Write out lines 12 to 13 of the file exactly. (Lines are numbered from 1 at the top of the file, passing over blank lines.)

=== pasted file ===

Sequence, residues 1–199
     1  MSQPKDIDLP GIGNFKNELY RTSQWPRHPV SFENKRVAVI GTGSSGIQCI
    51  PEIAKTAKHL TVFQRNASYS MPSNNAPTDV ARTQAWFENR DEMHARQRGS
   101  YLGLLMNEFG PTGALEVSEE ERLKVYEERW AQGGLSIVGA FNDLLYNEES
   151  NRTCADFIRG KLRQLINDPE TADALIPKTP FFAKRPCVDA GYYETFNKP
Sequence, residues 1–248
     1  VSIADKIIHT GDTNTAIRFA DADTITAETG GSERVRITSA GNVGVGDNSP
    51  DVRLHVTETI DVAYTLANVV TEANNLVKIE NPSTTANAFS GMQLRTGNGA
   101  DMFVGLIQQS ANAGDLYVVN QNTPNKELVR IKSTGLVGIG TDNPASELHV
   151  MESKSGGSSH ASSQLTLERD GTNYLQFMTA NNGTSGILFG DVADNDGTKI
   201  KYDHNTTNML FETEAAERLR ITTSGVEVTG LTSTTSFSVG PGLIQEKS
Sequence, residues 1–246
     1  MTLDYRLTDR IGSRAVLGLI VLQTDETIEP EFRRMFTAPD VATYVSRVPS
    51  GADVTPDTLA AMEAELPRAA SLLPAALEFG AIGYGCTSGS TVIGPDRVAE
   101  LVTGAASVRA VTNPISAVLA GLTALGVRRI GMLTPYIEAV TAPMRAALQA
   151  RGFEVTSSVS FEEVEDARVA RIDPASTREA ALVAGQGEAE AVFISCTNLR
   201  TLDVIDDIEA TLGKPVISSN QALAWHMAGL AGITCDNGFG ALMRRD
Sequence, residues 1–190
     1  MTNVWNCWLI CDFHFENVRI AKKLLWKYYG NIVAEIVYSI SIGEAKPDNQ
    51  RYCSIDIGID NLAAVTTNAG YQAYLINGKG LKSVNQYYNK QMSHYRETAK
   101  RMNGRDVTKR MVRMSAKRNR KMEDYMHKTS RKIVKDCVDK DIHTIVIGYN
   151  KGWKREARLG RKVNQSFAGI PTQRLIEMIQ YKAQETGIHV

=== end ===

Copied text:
Sequence, residues 1–246
     1  MTLDYRLTDR IGSRAVLGLI VLQTDETIEP EFRRMFTAPD VATYVSRVPS